- 9 September 2019 - 13 September 2019
8:00 am - 5:00 pm
Organisers: Maia Angelova (Deakin), James Sneyd (Auckland University), Aneta Stefanovska (Lancaster University), Plamen Ivanov (Boston University and Harvard Medical School).
Program Description: The aim of the research program is to unite and combine current trends in dynamical systems and time series analysis for solving problems in physiology which are governed by repeating processes. Examples are circadian rhythms, cardio-dynamics, sleep processes, glucose-insulin regulation and many others. The importance of the circadian clock to human health was recognized by the 2017 Nobel prize in medicine. The invited participants are experts in mathematics, physics and computer sciences working in applications of dynamical systems and time series in physiology, biology and medicine. The program will explore the state-of the-art mathematics underlying periodic and periodic-like processes in human physiology.
The retreat will focus on models based on deterministic and stochastic differential equations and delay differential equations, dynamical system approaches to time series, statistical mechanics, phase transitions and mean field approaches. The mathematical models of regulatory processes are often informed by data-driven models, derived from spectral analysis and signal processing. Furthermore, the large number of parameters can be difficult to measure. Machine learning and statistical approaches will be explored to estimate parameters. The models are based on real data measured from humans (ECG, EEG, actigraphy, eye movements, glucose levels, insulin sensitivity), and the processes for building models from such data will be discussed.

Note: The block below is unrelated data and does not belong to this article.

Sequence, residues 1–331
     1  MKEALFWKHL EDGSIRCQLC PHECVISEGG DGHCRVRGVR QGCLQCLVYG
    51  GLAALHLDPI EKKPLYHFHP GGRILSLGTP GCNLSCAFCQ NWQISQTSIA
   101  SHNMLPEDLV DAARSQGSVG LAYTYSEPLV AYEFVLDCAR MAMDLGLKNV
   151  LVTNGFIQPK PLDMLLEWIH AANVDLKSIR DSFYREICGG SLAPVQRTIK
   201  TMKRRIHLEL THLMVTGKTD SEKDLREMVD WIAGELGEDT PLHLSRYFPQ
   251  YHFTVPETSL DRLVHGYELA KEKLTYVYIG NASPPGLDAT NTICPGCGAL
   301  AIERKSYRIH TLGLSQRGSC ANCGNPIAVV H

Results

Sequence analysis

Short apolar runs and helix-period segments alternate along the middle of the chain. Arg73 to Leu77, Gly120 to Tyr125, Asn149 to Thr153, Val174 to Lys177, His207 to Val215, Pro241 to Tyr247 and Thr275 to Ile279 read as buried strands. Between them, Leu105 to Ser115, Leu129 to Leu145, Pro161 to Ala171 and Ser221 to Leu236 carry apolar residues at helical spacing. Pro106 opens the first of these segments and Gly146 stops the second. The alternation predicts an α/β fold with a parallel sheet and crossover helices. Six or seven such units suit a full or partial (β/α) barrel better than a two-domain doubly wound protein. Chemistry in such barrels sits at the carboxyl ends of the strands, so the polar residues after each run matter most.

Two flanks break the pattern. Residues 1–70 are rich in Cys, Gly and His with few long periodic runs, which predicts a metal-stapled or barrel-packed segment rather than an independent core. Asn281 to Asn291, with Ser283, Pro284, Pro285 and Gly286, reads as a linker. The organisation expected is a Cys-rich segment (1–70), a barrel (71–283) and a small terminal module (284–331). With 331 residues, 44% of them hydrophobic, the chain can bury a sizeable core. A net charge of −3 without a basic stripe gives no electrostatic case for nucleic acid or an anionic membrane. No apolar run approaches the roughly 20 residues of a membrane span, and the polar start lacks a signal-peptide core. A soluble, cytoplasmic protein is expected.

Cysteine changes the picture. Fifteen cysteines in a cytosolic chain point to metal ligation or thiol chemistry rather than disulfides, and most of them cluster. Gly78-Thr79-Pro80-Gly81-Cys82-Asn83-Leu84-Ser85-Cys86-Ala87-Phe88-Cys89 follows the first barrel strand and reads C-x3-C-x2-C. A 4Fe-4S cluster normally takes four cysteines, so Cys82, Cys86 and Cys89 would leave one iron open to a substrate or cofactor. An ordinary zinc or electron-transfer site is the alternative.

Program Structure: TBC
- Deadline: 9 July 2019
- Registration is by invitation only
MATRIX Wine and Cheese Afternoon 10 September 2019
On the first Tuesday of each program, MATRIX provides a pre-dinner wine and cheese afternoon. Produce is locally-sourced to showcase delicacies from the region.